(Some) Batteries not included: a guide to the EU Batteries Directive and its implementation across Europe

12 April 2010

Tom Snaith, Luisa Zukowski

Directive 2006/66/EC (the “Battery Directive”) came into force on 6 September 2006 and required Member States to implement its provisions into national law by 26 September 2008. This article looks at the background, objectives and main provisions of the Battery Directive and what it means for those affected. We will also look at the status of the Battery Directive’s implementation into the national law of the Member States of the EU.


According to the UK’s Environmental Agency only 3% of household batteries are recycled in the UK with the vast majority ending up in landfill where they are prone to chemical leakage. Whilst certain other Member States are leading the way as a regards the treatment of potentially hazardous batteries, the primary aim of the Battery Directive is to help harmonise and minimise the impact of batteries and accumulators on the environment across the EU. It seeks to do this by firstly prohibiting the supply and distribution of all batteries containing more than a prescribed amount of cadmium or lead. Secondly, it provides certain obligations on Member States in relation to the collection, treatment and recycling, and disposal of batteries, the cost of which is to be borne by battery producers.

Scope and exclusions

All types of battery are within the remit of the Battery Directive, regardless of their shape, weight, material composition or intended use. It captures portable batteries (such as AA or AAA, or mobile phone/PDA batteries), button cells (like those in digital watches), battery packs (meaning batteries embedded in devices and not intended to be removed), as well as rechargeable batteries (such as nickel cadmium and lithium ion batteries).

For certain provisions the Directive identifies and differentiates ‘automotive batteries’ (being batteries used for automotive starters, lighting or ignition in vehicles) and ‘industrial batteries’ (being batteries exclusively designed for professional use or in electric vehicles, e.g. those in hybrid motor cars).

However, batteries concerned with national security interests, or which are intended to be sent into space, are excluded.

The prohibition

The Battery Directive effectively bans any dealing in the EU of batteries containing more than 0.0005% of mercury by weight, or portable batteries containing more than 0.002% of cadmium by weight. Owing to de minimis and policy decisions respectively, the mercury prohibition does not apply to button cells with a mercury content of less than 2% by weight, and the cadmium prohibition does not apply to portable batteries used in emergency and alarm systems, or medical equipment.

Collection schemes and targets

Member States are now required to establish collection schemes to enable end users to dispose of waste portable batteries at accessible locations without cost to the end-user and without the end-user being required to purchase any replacement battery. A ‘distributor’ (being anyone who provides batteries on a professional basis, and which presumably covers shops, supermarkets, etc.) is required to take back waste batteries, unless existing schemes are already sufficient to meet the aims of the Battery Directive. Although no sanction is specified, Member States are required to meet a minimum collection target for portable batteries of 25% in September 2012 and 45% in September 2016 calculated by reference to annual sales.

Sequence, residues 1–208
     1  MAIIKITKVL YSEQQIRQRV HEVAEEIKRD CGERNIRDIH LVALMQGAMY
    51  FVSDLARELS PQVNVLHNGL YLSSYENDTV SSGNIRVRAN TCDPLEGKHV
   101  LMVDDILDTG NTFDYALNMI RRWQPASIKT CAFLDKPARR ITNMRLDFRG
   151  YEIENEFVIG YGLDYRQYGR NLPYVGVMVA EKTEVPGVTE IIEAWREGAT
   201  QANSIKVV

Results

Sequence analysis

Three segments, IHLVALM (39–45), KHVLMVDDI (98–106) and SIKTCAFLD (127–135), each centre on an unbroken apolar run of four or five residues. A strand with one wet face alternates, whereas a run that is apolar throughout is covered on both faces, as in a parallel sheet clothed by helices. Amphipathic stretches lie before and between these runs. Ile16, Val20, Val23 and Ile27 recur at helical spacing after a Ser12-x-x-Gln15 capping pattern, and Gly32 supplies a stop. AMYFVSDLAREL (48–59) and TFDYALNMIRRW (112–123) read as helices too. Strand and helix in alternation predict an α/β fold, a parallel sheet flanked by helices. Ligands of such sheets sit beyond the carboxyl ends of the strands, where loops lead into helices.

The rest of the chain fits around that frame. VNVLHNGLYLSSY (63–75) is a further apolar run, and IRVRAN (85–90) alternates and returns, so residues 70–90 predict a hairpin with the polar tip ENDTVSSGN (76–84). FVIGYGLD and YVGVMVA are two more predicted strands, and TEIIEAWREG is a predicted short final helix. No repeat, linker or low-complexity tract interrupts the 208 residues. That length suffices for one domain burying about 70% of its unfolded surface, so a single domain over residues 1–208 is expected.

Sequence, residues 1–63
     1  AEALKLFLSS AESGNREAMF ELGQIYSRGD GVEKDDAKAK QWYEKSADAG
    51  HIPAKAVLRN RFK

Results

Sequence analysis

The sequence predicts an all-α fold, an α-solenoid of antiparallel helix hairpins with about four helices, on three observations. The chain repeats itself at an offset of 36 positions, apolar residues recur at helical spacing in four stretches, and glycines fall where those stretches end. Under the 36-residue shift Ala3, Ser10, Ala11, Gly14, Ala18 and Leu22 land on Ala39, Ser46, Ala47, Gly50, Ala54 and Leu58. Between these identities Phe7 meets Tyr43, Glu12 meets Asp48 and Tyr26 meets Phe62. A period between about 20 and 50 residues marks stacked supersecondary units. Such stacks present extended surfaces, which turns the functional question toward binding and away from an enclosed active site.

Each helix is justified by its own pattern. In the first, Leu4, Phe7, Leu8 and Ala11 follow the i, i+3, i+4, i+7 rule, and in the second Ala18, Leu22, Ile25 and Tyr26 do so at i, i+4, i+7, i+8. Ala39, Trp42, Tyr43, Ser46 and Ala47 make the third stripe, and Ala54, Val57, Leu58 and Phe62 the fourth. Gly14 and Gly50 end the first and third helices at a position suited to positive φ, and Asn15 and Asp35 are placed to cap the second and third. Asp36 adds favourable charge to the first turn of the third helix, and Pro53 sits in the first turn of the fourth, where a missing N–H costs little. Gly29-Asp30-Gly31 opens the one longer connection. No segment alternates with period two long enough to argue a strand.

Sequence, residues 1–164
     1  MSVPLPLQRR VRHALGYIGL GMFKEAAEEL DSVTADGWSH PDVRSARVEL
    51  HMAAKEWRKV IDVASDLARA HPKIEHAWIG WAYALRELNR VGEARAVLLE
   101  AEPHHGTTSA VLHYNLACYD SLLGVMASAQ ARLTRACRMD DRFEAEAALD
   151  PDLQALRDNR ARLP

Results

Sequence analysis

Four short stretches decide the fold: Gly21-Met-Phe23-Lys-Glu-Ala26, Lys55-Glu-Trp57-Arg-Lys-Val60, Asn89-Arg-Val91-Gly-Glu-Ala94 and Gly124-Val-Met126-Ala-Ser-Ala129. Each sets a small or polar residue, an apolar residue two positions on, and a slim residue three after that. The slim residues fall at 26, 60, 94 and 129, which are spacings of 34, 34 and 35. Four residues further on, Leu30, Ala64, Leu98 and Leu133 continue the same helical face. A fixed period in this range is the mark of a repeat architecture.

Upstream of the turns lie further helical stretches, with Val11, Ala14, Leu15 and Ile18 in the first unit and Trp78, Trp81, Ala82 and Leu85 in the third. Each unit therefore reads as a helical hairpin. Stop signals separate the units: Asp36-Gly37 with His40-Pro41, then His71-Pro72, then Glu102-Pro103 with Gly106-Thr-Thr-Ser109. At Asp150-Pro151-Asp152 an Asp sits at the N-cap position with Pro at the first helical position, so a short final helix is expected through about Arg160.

Producers of automotive and industrial batteries are now required to establish collection schemes for those types of batteries. Given this and the prohibition of disposal discussed below, the Battery Directive has effectively established a 100% collection target for these types of batteries.


The disposal of waste automotive and industrial batteries in landfill or by incineration is now prohibited. However, residues of those batteries which have been treated accordingly to certain requirements (including the removal of all fluids and acids amongst other things) may be disposed of in that manner.

Information and labelling requirements

Member States must now undertake, by way of information campaigns, to ensure that end-users are fully aware of the potential harmful effects of batteries on the environment and on health. End users must also be informed of the collection and recycling schemes that are available.

All batteries are to display the ‘crossed out wheelie bin’ symbol shown below. And where appropriate, the symbol must be accompanied by the chemical symbols for lead, cadmium or mercury (Pb, Cd and Hg respectively).



In the UK, the implementation of the Batteries Directive has seen the introduction of two new regulations. The first is the Batteries and Accumulators (Placing on the Market) Regulations 2008 which deals with the restrictions on the use of certain hazardous substances in batteries and the labelling requirements for new batteries. The second is the Waste Batteries and Accumulators Regulations 2009 which introduces a system for the separate collection, treatment and recycling of waste batteries.

With the exception of Greece, at the time of writing, all Member States have taken some steps to implement the Batteries Directive into their national legislation. The articles that follow discuss how the Battery Directive has been implemented in Germany and Poland:

Germany Battery Act – overview of the changes

New regulations concerning batteries distribution - the Polish Batteries Act of 12.05.2009